Network Rail is committed to making improvements, and my hon. Friend mentioned some of the smaller ones that are being made. They illustrate the investment that is taking place. They will shave off a limited amount of journey time, except of course when we experience really difficult weather conditions such as those that we saw over the Christmas period. I fully take on board what she and others have said about the communication between the rail operator, the commuters and the local community not being up to scratch at that time. The report commissioned by the Secretary of State came to that conclusion as well.

There is no way that the Department—the Secretary of State, the Minister of State or me—is going to hush anything up. My hon. Friend is doing exactly what I would do—and have done in the past on behalf of my own constituents who are on the east coast main line. Sorry, I mean the west coast main line: if we were on the east coast main line, we would be some way away from my constituency! It is right and proper to raise the issues and the concerns of constituents rather than debate only the technicalities of the case. I know that my hon. Friend will continue to do that.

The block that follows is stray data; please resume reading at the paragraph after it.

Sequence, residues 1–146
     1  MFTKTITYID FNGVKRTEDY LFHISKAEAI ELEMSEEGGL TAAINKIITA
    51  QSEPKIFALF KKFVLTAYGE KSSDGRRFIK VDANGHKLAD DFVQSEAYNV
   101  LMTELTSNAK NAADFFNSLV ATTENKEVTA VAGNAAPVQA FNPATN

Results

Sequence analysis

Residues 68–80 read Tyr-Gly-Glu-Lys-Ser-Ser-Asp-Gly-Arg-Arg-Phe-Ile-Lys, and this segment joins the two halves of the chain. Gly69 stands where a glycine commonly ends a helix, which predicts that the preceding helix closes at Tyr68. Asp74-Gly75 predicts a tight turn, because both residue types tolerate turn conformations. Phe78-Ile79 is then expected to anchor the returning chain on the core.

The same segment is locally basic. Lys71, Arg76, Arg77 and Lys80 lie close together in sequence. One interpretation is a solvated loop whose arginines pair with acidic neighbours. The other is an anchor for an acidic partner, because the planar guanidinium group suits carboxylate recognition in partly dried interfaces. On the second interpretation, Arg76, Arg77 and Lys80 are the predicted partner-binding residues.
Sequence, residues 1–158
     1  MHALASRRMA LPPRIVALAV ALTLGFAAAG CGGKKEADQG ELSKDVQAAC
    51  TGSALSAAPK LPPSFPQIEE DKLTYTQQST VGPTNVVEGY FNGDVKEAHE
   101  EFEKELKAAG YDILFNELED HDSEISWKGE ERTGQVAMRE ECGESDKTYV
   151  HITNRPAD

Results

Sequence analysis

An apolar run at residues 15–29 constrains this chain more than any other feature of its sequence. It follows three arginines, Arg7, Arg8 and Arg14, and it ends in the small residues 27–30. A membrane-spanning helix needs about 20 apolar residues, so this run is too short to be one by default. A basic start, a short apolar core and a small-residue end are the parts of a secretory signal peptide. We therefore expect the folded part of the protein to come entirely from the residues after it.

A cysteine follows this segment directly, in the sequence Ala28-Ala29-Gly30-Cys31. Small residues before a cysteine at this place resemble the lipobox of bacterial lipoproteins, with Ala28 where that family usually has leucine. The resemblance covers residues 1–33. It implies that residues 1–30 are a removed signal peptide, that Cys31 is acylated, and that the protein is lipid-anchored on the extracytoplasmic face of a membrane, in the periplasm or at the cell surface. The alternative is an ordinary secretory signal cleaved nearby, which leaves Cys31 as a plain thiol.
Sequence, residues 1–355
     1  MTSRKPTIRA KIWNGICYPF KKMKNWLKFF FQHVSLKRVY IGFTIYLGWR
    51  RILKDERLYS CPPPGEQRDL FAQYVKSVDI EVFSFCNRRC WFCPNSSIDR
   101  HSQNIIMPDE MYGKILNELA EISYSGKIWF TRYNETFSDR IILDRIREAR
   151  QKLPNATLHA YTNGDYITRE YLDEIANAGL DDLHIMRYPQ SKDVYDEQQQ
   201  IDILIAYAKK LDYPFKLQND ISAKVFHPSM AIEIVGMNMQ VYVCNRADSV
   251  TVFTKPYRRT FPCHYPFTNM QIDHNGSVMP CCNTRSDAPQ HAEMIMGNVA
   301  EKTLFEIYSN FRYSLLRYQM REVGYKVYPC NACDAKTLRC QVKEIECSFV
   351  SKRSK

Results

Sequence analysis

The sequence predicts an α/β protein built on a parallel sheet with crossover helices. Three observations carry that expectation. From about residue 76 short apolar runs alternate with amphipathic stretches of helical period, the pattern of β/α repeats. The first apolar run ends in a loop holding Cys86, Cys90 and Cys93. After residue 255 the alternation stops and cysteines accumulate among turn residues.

It is going to be difficult for me to address EU funding in this debate. If my hon. Friend does not mind, I will arrange for the Minister of State to write to